Daily FX Market Roundup 11.27.18.
By Kathy Lien, Managing Director of FX Strategy for BK Asset Management.
The U.S. dollar traded higher against most of the major currencies Tuesday after Federal Reserve Vice Chairman Richard Clarida said he backed gradual rate hikes with an eventual move toward neutral rates. Although he also admitted that they don’t really know where the neutral level is and expressed concern about lower inflation expectations, investors were singularly focused on the talk of more rate hikes. They ignored his concerns about capital expenditure as well as Fed President Bullard’s warnings about slower growth over the next 2 years. With that in mind, the U.S. economic reports did help the greenback. Aside from the increase in house prices, the decline in the Conference Board’s consumer sentiment index was modest with the index pulling back only slightly from 18-year highs. As a result, the U.S. dollar extended its gains against all of the major currencies except for the Australian and New Zealand dollars.
There were 3 key moves in Tuesday’s FX – euro’s break of 1.13, sterling’s decline toward monthly lows and USD/JPY’s extended breakout. But the currency pair that we are watching most closely is AUD/USD because there are a number of reasons why it could be the next currency to fall. Most importantly, all signs point to the US getting tougher on Chinese trade. Despite an upcoming meeting between Presidents Trump and Xi, the US Administration continues to downplay the possibility of an agreement. WH Chief Economic Advisor said that he was disappointed by trade talks so far and Trump is ready to add tariffs on China. While this could be a political move to surprise after downplaying expectations, for the time being, these comments reaffirm our view that the meeting will result in nothing substantial. An intensification of trade tensions hurts the AUD/USD and the outlook Australia’s economy. The Chinese yuan is already exceptionally weak and any further pressure on growth could cause the Chinese government to depreciate the currency further, lowering the purchasing power of Chinese importers and in turn the demand for Australian exports. Iron ore prices have also fallen sharply over the past few days and these moves could catch to the Australian dollar. We’re already beginning to see a move lower as AUD/USD ends the day below the 20-day SMA for the first time this month and with that the next stop should be the November low of .7165.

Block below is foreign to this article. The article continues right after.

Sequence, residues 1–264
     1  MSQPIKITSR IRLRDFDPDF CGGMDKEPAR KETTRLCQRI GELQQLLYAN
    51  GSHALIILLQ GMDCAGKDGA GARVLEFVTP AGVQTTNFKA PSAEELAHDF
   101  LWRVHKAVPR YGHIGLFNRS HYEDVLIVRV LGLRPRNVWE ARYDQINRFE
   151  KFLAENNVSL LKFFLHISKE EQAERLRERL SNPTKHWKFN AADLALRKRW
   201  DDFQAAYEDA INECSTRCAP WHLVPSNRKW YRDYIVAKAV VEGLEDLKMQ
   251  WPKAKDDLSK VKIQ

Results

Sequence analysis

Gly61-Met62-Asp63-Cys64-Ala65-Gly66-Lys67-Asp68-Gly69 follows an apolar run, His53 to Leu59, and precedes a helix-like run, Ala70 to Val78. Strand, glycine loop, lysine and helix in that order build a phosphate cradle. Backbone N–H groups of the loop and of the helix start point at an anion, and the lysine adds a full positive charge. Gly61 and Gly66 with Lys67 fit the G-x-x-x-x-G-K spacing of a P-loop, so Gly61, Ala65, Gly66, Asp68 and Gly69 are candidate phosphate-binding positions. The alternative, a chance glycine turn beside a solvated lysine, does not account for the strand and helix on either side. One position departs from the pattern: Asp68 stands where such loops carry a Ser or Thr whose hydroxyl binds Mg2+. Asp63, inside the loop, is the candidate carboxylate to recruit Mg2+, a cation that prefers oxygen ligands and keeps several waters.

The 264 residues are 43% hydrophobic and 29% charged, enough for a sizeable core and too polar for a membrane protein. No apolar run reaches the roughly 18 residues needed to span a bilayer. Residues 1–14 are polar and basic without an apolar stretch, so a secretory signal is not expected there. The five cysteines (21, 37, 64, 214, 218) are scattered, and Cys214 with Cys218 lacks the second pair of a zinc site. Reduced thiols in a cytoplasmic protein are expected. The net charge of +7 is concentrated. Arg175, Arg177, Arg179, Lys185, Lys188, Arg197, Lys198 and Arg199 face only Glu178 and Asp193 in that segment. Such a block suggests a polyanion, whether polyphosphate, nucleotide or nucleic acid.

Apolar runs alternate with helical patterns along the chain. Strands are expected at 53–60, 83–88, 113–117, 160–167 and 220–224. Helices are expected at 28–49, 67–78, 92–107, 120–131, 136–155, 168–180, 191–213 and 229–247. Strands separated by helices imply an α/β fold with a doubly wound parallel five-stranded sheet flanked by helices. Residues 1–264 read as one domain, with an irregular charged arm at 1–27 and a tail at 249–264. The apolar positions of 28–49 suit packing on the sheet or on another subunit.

5 Reasons Why AUD Could Be Next Currency to Fall